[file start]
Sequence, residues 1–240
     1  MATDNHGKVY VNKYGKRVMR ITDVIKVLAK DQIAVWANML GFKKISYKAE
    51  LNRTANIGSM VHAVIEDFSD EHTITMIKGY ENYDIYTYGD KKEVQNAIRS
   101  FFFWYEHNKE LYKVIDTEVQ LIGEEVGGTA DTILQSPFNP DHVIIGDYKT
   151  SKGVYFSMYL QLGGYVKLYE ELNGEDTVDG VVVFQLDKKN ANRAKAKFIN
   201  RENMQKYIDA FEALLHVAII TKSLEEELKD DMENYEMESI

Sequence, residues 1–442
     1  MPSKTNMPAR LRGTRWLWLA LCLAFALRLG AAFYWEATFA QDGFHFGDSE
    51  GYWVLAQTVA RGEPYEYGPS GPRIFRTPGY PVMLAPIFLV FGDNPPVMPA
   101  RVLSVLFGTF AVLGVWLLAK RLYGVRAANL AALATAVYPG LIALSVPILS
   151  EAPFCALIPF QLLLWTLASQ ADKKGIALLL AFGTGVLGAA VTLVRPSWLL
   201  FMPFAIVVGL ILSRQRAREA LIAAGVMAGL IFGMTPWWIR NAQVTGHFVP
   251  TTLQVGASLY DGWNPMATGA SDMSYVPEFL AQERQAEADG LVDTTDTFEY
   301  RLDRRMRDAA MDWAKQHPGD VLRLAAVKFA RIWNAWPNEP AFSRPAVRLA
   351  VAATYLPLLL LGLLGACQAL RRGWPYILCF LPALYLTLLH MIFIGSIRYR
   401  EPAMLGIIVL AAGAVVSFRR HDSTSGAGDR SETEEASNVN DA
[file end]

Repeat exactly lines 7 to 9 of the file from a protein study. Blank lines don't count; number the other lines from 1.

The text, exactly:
Sequence, residues 1–442
     1  MPSKTNMPAR LRGTRWLWLA LCLAFALRLG AAFYWEATFA QDGFHFGDSE
    51  GYWVLAQTVA RGEPYEYGPS GPRIFRTPGY PVMLAPIFLV FGDNPPVMPA